# Approximations using Dawson’s integral t ```Approximations using Dawson’s integral
(by Chris H. Rycrof t .)
Consider a random walk following a fat-tailed distribution with PDF
p(x) = √
2
.
π(1 + x4 )
This PDF has zero mean and unit variance, but the “absolute moments” of the form �|x|m � diverge
for m ≥ 3. Near the origin, the Fourier transform is not analytic, and has the expansion
p̂(k) = 1 −
k2
|k |3
k 4
+ √ −
+ O(|k|5 ).
2
3 2 24
The cumulant generating function has the form
−k 2
|k |3
ψ(k) =
+ √ + O(k 4 )
2
3 2
which we can use to ﬁnd approximations after N steps. If we consider just the ﬁrst term, we obtain
the Central Limit Theorem (CLT):
1
2
e−x /2N
2πN
PN (x) ≈ √
However, if we include the next term, we ﬁnd that
√
1
D��� (x/ 2N )
−x2 /2N
√
PN (x) ≈ √
e
+
6πN 2
2πN
where D(x) is Dawson’s integral, deﬁned as
−x2
�
D(x) = e
x
2
et dt.
0
Dawson’s integral satisﬁes D��� (x) = 4(x2 − 1) + (12x − 8x3 )D(x), and it can be shown that D(x) ∼
6x−4 as x → ∞. The width of the central region is determined by the√value of x where the Dawson
correction has a comparable size to the CLT. We ﬁnd the width is N log N which is not much
wider than the minimum required by the CLT, and much less than N 3/4 when all the cumulants
are ﬁnite.
Simulations
Figure 1 shows a semi-log plot of the PDF. To compare the above predictions to simulation, we
must ﬁrst ﬁnd a way to simulate steps from this distribution. Unlike the Cauchy distribution, a
simple transformation can not be used in this case. Let X be a random variable with the one-sided
PDF
4
pX (x) = √
for x &gt; 0.
π(1 + x4 )
10
Probability density
1
0.1
0.01
0.001
0.0001
-8
-6
-4
-2
0
x
2
4
6
8
Figure 1: Semi-log plot of the PDF under consideration.
If we consider the sequence of substitutions Z = X 2 , Θ = tan−1 Z, Φ =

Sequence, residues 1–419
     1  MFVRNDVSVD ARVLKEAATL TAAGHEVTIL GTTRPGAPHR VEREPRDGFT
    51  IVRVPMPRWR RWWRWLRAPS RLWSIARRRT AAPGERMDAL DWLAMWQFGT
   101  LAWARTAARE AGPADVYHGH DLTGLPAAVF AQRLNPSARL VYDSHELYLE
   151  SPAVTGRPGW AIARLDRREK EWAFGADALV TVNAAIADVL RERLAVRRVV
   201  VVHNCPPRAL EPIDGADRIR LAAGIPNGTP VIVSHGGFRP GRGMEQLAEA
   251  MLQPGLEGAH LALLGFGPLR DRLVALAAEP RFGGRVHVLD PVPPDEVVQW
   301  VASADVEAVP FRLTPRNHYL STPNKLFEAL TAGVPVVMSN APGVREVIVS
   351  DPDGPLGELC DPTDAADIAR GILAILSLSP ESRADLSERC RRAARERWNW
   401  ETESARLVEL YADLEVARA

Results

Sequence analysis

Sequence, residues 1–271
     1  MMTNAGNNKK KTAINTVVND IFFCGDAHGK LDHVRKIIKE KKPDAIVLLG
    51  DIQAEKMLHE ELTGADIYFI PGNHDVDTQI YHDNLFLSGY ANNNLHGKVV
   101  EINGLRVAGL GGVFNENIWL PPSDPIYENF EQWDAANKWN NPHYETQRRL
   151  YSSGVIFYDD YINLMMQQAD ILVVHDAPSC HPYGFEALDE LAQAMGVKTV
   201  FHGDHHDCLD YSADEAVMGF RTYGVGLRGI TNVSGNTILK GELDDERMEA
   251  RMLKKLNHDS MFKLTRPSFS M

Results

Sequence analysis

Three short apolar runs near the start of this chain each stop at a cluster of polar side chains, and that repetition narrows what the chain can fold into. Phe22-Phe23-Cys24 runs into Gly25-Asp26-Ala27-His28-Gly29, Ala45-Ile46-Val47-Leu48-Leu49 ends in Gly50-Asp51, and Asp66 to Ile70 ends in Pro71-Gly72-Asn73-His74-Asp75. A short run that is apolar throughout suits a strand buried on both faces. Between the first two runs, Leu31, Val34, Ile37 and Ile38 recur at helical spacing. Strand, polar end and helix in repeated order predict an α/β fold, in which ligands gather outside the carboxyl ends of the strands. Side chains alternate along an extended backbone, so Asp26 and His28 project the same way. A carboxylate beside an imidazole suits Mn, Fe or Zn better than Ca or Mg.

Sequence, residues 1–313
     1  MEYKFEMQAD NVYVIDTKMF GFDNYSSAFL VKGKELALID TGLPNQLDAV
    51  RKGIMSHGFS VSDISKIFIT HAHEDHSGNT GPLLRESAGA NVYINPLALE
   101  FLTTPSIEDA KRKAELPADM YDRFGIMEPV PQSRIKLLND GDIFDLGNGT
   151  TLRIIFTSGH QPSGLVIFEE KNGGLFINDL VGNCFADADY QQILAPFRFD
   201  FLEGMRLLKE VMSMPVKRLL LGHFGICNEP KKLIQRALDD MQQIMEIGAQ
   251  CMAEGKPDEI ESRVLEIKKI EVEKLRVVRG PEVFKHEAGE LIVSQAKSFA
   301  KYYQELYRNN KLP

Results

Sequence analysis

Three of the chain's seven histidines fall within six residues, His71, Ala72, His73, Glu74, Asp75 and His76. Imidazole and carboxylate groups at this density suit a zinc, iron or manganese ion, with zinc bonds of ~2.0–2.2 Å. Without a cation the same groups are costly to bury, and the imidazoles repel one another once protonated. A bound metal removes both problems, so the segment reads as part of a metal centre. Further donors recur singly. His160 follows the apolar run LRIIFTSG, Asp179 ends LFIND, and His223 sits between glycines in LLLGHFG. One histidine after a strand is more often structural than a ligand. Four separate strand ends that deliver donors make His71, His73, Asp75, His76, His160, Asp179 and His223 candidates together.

has PDF
�
4φ
for 0 &lt; φ &lt; π/2.
pΦ (φ) = �
π tan φ2
√
Θ then we ﬁnd that Φ
Although this is a complicated function it is smooth over the given domain, and bounded between
√
0 and �
4/ π. To sample from this distribution, we choose random pairs (A, B) where A is uniform
√
on [0, π/2], and B is uniform on [0, 4/ π]. If we keep sampling pairs until we ﬁnd B &lt; pΦ (A),
and then let Φ = A, then Φ will follow the above PDF. Transforming back allows us to ﬁnd X.
Multiplying X by -1 with probability 1/2 lets us sample from the PDF we wish to study. This can
be coded eﬃciently in C using the function
double fatrand () {
double b;
while (usq()∗tan(b=usq()∗pi/2)&gt;b);
b=sqrt(tan(b));return rand()%2==1?b:−b;
}
where usq() returns the square of a number uniformly distributed on [0, 1] and rand() returns a
random integer. Figure 2 shows four sample random walks from this distribution, and ﬁgures 3 to
6 show the accuracy of the Dawson correction for N = 3, N = 10, and N = 100.
20
15
10
x
5
0
-5
-10
-15
-20
0
50
100
150
200
250
N
Figure 2: Four sample random walks using the PDF under consideration.
Probability density
0.3
Simulation
CLT
Dawson
0.25
0.2
0.15
0.1
0.05
0
-10
-5
0
x
5
10
Probability density
Figure 3: Comparisons between the Central Limit Theorem with and without the Dawson correc&shy;
tion, compared to simulations of 1.6 &times; 1010 walks with N = 3 steps. Even in the central region, the
Dawson curve is a better ﬁt to the data.
1
0.1
0.01
0.001
0.0001
1e-05
1e-06
1e-07
1e-08
-20
Simulation
CLT
Dawson
-15
-10
-5
0
x
5
10
15
20
Figure 4: A semi-log plot of the N = 3 data shows that the Dawson correction matches the tail of
the distribution to a high level of accuracy, although some small deviations are seen near x = 5.
1
0.1
Probability density
0.01
0.001
0.0001
1e-05
1e-06
Simulation
CLT
Dawson
1e-07
1e-08
0
5
10
x
15
20
Figure 5: Comparisons between the Central Limit Theorem with and without the Dawson correc&shy;
tion, compared to simulations of 1.6 &times; 1010 walks with N = 10 steps. Small deviations between the
Dawson curve and the simulated PDF are apparent.
1
Probability density
0.01
0.0001
1e-06
1e-08
1e-10
Simulation
CLT
Dawson
1e-12
0
50
100
x
150
200
Figure 6: Comparisons between the Central Limit Theorem with and without the Dawson correc&shy;
tion, compared to simulations of 1.6 &times; 109 walks with N = 100 steps. The Dawson curve matches
the simulated data to a high level of accuracy.
```